Recent debates over avant-garde theatre position print in opposition to performance, and this opposition has tended, in turn, to map onto the tension between playwright and director. The article reorients these coordinates, focusing instead on the relationship between publisher and reader, a relationship that presents the printed text in complementary, as opposed to antagonistic, relation to live performance. As a publisher, Grove Press marketed printed plays as supplements to performance for those who could attend one and as substitutes for performance for those who couldn’t. They designed these texts so as to replicate the experience of seeing the play live, frequently with direct reference to specific performances. Their success in this endeavour was crucial to the reception and interpretation of avant-garde drama in the post-war United States.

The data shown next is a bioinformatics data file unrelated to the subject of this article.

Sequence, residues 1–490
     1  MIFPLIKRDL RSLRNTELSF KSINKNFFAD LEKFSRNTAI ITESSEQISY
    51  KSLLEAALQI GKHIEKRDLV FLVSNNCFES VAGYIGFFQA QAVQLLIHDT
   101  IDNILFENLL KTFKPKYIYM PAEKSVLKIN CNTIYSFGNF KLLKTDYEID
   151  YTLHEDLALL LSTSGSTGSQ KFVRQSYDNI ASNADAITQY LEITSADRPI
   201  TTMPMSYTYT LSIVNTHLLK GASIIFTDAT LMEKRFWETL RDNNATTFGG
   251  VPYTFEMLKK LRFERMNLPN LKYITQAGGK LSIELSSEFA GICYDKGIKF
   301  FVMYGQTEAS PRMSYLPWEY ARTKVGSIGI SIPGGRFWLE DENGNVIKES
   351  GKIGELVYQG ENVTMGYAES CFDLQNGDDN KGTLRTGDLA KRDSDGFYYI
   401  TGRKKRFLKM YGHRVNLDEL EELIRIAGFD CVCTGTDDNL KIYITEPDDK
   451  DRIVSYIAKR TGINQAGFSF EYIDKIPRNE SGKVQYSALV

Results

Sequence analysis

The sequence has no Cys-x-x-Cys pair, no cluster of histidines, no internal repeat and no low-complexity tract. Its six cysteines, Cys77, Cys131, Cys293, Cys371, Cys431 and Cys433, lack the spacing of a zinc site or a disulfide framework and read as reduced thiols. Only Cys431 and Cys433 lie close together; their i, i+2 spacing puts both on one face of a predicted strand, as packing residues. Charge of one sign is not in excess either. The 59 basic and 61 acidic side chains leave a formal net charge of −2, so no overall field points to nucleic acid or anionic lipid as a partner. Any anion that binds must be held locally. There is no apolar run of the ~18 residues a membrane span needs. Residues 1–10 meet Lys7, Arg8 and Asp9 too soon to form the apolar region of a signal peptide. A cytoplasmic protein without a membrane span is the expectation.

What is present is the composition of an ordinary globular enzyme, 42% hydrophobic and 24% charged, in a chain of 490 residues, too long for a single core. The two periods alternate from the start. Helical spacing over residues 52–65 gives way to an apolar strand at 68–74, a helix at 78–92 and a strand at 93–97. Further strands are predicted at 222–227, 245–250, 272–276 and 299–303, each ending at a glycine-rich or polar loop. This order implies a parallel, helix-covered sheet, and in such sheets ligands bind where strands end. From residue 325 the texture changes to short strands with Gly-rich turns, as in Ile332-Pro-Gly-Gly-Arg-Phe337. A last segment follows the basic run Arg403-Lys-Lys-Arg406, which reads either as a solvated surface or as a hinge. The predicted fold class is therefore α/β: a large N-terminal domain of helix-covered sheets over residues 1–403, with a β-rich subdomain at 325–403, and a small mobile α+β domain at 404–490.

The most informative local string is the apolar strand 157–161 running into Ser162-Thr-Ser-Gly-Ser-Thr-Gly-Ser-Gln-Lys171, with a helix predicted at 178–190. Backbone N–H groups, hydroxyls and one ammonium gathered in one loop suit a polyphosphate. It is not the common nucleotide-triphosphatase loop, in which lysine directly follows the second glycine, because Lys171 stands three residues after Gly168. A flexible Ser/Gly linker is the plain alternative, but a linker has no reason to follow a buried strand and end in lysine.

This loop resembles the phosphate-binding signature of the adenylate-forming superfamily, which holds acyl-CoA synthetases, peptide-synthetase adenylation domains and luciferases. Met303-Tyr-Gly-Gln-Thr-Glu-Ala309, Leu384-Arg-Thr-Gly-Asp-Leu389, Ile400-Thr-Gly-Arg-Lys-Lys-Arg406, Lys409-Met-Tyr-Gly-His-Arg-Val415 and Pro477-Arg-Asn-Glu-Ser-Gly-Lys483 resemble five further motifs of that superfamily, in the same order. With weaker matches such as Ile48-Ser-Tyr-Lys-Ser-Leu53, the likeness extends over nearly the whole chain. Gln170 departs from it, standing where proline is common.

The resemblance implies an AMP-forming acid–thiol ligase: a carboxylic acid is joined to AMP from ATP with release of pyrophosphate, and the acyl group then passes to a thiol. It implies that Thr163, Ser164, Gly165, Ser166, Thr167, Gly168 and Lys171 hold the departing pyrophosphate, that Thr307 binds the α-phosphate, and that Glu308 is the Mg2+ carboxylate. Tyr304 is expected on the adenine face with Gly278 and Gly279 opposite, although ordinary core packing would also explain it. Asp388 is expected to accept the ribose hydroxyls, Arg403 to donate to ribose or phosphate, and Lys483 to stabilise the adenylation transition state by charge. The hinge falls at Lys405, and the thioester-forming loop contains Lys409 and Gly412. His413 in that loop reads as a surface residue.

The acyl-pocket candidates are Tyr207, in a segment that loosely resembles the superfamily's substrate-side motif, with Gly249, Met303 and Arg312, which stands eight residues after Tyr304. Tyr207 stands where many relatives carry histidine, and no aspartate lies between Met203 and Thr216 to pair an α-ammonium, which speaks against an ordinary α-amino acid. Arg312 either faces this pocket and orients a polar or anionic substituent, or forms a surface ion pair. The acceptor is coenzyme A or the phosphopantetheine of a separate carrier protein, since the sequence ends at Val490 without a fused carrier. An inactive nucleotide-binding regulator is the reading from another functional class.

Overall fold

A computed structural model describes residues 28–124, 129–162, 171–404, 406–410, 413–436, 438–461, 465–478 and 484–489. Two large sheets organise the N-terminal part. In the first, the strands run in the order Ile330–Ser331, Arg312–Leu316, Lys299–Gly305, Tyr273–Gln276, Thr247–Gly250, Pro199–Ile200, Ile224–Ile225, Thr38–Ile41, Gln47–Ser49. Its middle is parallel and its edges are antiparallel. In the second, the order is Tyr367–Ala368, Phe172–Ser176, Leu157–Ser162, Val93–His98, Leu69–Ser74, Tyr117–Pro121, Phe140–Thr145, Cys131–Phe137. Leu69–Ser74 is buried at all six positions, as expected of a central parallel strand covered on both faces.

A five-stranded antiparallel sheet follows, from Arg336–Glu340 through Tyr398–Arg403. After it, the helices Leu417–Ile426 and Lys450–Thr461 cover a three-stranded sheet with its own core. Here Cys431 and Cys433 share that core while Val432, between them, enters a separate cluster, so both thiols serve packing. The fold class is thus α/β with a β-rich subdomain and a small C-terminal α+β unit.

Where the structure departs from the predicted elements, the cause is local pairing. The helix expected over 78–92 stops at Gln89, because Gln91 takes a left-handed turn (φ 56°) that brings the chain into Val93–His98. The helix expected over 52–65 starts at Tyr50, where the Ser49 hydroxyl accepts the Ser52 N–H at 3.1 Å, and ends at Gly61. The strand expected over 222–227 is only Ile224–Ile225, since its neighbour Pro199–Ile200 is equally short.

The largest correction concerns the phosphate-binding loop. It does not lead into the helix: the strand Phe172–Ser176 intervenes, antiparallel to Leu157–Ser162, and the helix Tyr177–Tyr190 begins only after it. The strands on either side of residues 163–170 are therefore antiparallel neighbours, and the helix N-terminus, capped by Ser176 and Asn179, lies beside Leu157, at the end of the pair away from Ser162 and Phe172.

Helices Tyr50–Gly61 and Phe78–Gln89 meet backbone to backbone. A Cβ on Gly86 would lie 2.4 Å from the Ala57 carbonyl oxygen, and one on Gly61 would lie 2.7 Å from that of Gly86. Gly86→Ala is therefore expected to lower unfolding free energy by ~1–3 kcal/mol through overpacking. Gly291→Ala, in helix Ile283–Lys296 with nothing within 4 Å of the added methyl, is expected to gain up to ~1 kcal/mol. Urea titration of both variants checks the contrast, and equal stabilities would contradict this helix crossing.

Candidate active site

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pp. 534-561
Launched on MUSE
Open Access
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